So, we’re really doing this. The bubble is formed, the players are inside it, the games are scheduled. The NHL is officially back, or at least it will be in a few days.
Still, people may be feeling ambivalence about the return to play. I know I am, and because I don’t want to be a constant downer here for the next couple months, I’m just going to say this once and then I promise I’ll move on:
Y’all, I dunno if this is a good idea.
The Washington Capitals boarded their plane for Toronto on Sunday afternoon, right around the time the MLB’s Miami Marlins beat the Phillies 11-6 in Philadelphia. We don’t yet know when the next Marlins game will be, as that team now reportedly has at least 18 positive cases of COVID-19, the disease caused by the novel coronavirus. Earlier in July, Major League Soccer announced infections among Dallas’ and Nashville’s teams, scuttling their full return-to-play effort.
But the logistical approaches of the MLS and MLB have taken are much different than the NHL’s. Like the NBA, the NHL has established quarantine zones for players, officials, limited press, and support staff in Toronto and Edmonton.
— Aaron Murphy 🎙 (@MurphOnIce) July 24, 2020
As a risk mitigation effort, the “bubble” plan is superior to the alternative, which involves frequent travel in and out of hot zones like Florida, where recent testing data showed having a twenty percent positive rate. So while the MLB season seems on the verge of collapsing, the NHL looks poised by comparison.
The NHL had some stumbles early on — Montreal, Pittsburgh, and Toronto all had disclosed infections — the final report of pre-bubble testing showed no positive infections. I don’t know if that’s something to congratulate necessarily, but it’s at least good news. And that’s the position I feel compelled to take here: If the NHL is really doing this (and I super-duper don’t think they should), I’m rooting for them. I want to be proved wrong.
The NHL is doing a lot right with their effort. Daily testing is good (and its not the league’s fault that frequent testing is not readily available to anyone who needs it). Regular deep-cleaning is good. Mandatory masks are good. The players and coaches voiced overwhelming positive feedback upon settling in. But there are still problems.
For example, the bubble isn’t truly a bubble. They’re not locked in there like Biodome. The quarantine zones are technically permeable, with support staff like food service workers coming and going, though subject to daily testing. There’s less risk than in a traveling league, but there’s still risk.
And the league has not actually defined a threshold for shutting down in case of an outbreak, so they can play Calvinball with health of their players and workers — much like the Marlins did on Monday. Worse, according to Elliotte Friedman’s 31 Thoughts, Gary Bettman claims to have the final say on who will play and will not. From Bettman:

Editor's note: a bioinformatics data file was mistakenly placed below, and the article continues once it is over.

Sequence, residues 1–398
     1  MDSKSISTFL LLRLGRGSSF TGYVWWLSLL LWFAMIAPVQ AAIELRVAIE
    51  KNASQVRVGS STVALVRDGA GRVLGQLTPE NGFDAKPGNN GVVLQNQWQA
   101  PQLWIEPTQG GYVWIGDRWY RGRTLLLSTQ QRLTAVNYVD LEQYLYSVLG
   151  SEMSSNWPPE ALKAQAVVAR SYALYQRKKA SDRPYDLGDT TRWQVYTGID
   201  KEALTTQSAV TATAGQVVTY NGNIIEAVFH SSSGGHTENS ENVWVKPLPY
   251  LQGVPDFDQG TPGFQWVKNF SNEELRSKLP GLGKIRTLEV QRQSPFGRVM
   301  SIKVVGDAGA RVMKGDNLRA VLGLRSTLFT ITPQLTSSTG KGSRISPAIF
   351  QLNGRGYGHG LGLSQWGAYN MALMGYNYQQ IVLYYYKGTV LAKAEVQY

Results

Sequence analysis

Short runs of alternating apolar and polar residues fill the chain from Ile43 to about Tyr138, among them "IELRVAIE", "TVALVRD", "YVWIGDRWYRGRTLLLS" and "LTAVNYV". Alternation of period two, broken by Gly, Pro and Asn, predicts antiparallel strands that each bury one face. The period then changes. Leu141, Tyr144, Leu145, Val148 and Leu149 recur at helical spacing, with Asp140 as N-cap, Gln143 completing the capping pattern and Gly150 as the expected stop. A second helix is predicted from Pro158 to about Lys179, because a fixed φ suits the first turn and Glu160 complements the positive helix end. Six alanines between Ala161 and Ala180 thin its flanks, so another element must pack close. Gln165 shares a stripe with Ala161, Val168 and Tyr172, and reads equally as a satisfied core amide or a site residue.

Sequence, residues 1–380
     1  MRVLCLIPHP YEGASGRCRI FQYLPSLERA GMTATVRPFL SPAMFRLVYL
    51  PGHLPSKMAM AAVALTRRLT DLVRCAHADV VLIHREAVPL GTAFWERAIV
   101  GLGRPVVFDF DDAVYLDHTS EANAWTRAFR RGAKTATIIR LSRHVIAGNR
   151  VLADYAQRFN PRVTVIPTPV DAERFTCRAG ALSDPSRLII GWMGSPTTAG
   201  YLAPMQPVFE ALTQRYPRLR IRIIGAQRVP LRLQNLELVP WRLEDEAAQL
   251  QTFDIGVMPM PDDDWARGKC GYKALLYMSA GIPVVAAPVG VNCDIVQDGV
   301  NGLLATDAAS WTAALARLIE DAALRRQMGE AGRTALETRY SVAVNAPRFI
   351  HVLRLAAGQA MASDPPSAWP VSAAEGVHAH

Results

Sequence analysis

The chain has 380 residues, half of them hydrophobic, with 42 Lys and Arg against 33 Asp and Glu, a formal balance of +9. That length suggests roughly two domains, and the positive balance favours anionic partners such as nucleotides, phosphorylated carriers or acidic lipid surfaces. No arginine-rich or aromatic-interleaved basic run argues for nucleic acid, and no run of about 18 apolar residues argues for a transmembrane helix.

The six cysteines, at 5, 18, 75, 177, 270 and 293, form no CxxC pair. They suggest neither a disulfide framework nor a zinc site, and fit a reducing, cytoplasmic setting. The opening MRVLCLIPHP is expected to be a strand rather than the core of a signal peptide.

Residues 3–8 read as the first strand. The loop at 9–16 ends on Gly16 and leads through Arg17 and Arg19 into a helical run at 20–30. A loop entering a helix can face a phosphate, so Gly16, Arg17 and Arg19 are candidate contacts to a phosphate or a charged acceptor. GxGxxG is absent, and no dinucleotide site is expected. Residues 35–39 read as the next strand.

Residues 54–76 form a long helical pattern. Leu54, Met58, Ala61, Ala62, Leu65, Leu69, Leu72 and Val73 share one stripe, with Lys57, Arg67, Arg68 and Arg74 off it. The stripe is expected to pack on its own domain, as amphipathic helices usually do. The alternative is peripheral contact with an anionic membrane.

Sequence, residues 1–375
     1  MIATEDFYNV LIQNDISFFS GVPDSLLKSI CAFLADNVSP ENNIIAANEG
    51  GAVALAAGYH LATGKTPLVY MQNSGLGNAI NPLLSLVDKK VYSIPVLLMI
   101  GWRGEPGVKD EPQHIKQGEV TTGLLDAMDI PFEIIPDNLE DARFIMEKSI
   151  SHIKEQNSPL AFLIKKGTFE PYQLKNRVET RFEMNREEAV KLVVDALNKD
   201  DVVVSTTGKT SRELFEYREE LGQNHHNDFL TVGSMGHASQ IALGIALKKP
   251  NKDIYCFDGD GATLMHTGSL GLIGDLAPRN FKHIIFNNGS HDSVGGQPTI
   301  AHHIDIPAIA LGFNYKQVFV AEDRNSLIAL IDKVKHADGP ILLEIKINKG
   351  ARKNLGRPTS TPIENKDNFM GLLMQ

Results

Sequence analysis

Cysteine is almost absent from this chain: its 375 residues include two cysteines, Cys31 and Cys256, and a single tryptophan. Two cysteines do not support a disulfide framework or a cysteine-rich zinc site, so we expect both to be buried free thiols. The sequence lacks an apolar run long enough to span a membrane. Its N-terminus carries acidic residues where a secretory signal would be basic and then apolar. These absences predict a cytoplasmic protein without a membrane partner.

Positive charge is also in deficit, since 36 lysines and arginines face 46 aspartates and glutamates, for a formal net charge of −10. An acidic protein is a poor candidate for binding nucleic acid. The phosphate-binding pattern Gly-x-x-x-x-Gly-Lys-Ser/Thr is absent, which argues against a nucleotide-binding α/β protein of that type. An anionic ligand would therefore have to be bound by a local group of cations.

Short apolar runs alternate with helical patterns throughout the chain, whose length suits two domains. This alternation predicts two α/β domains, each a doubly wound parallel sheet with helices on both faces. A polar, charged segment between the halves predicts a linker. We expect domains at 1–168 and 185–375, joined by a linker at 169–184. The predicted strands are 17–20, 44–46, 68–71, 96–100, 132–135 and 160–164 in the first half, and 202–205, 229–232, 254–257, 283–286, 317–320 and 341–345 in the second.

Well, I guess in the final analysis it may be me, but I’m going to defer to the medical people, both from the governmental authorities and our own medical people in conjunction with the Players’ Association. I am not going to be making the medical decisions. I’ll be taking the guidance, but I suppose it’s my authority that determines ultimately who plays in our games and who doesn’t.
Giving management ultimate authority means hoping for benevolence from the same man who still denies concussions cause CTE. And Bettman is just the ugly capstone above a weirdly coercive culture in which players insist they’re in the best shape of their careers and get glazed in praise after playing through catastrophic injury.
But an imperfect plan and a toxic culture only changes the likelihood of the disease spreading within the bubble. There’s a further problem: we don’t actually know what the true impact would be of an outbreak. The age of the players and their fitness levels make them less likely to die from COVID-19, but that doesn’t help support staff like coaches and officials, who skew older and less healthy. And the long-term co-morbidities of COVID-19 are still poorly understood. Early research suggests heart problems and neurological problems can be common among survivors. Much of this research is still being peer-reviewed and expanded upon, but there’s already a reasonable assumption that some people who recover from the disease may suffer a diminished quality of life. That could mean an early end for some athletes’ careers — and perhaps shorter lives for some infected workers. I doubt that this risk has been properly weighed, and that the players’ and workers’ interests have been properly advocated for.
So, yeah, I’m worried. But while I wish everyone were staying home and staying healthy . . . and collecting robust unemployment insurance from competent governments, I acknowledge that we’ve gone a different way. So now I’m just rooting — not just for the Caps — but also for nothing to come of my anxieties. I don’t want to be vindicated here. I really do want some clown on twitter with an egg avatar to send me this story six weeks from now and call me Chicken Little. I’d be okay with that. Really.
So I’ve said my piece, and now I’m going to stuff all this anxiety away in a little compartment. Here is a picture of a cat.
And now all you’ll hear from me from here on out is enthusiasm and hopefulness. Ugh. I hate it. Just drop the puck already.
Russian Machine Never Breaks is not associated with the Washington Capitals; Monumental Sports, the NHL, or its properties. Not even a little bit.
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